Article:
Question: "Bart, Lisa, and Maggie have a bag with three balls in it. Each ball has a positive integer on it. Each of the three children randomly picks two balls from the bag, announces the product of the two numbers, and then replaces the balls in the bag. The numbers they announce are 36, 42, and 90. Unfortunately, Bart is not very good at arithmetic, and the number he announced was 2 different than the correct product, but the two girls correctly computed their products. What are the possible values of the numbers on the balls? (Note that we are not told which of the three numbers was announced by Bart.)"
"We assign variables to the three different balls; $a$, $b$, and $c$, in which $a>b>c$. Since $90$ is the greatest number, it is $ab$: Since $42$ is the second greatest number, it is $ac$: Since $36$ is the smallest number, it is $bc$. Since $90$ and $42$ both have a common factor, a, we can find the prime factorization and take the GCF:
$90 = 2*3^2*5$
$36 = 2^2 * 3^2$
$a$ must be $6$. We can find $b$ by considering $90$ and $36$: $b$ must be $18$; but since it must be less than $a$, this does not work. Is the problem messed up? We must remember that Bart is not very good at arithmetic; $42$ must be the number he messed up. We can consider $2$ choices: $40$, or $44$. $44$ does not work because $44$ is , and it is ac. $36$ is bc, and $11$ does not divide into $36$. Also, if $11$ were $a$, it would not divide into $90$ anyway. So we now know that the $3$ numbers are $90$, $40$, and $36$.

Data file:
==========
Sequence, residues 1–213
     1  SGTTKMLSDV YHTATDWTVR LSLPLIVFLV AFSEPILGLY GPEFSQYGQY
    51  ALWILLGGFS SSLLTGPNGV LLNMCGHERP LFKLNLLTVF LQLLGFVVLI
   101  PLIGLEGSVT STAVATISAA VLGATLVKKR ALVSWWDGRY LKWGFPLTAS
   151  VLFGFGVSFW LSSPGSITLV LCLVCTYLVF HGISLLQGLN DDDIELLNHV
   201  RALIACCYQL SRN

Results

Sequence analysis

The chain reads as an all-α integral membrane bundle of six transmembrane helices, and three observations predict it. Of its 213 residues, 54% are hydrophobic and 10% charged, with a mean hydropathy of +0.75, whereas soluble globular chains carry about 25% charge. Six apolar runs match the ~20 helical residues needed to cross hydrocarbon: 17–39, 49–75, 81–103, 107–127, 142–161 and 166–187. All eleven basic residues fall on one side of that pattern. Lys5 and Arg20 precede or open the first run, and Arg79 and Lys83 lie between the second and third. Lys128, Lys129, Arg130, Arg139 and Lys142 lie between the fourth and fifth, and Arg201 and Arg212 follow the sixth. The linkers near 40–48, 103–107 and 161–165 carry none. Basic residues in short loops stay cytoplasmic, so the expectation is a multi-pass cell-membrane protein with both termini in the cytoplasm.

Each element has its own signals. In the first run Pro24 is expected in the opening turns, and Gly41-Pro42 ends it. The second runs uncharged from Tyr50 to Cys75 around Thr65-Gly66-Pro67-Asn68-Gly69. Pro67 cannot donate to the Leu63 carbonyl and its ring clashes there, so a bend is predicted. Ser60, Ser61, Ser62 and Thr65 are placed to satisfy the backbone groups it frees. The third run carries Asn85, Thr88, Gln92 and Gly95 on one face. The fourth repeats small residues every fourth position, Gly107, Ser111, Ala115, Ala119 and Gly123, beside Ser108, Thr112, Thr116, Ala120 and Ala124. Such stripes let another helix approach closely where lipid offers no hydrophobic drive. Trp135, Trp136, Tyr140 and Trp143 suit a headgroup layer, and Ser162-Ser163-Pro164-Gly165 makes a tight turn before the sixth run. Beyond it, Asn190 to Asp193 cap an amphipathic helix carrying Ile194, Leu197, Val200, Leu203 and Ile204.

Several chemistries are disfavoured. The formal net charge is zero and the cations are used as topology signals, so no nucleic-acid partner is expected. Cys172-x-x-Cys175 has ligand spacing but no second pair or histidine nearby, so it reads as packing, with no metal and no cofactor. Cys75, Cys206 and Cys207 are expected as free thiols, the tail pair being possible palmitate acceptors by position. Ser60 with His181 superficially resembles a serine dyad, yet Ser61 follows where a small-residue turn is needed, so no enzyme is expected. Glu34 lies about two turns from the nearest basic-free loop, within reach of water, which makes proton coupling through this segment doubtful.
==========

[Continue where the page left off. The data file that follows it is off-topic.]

$40 = 2^3*5$
$a$ must be $10$. Also, we can find out that $b$ is $9$, because $ab$ is $90$, and $a$ is $10$. We can also apply this to $36$. $b$ is $9$, so $9c=36$, and $c=4$. So we have $a=10$, $b=9$, and $c=4$."
I don't really understand this solution. I'm okay with saying that the $a$ is 6 because of the GCF and that $b$ is 18 because of the GCF, but how does this solution imply that the problem number is $42$?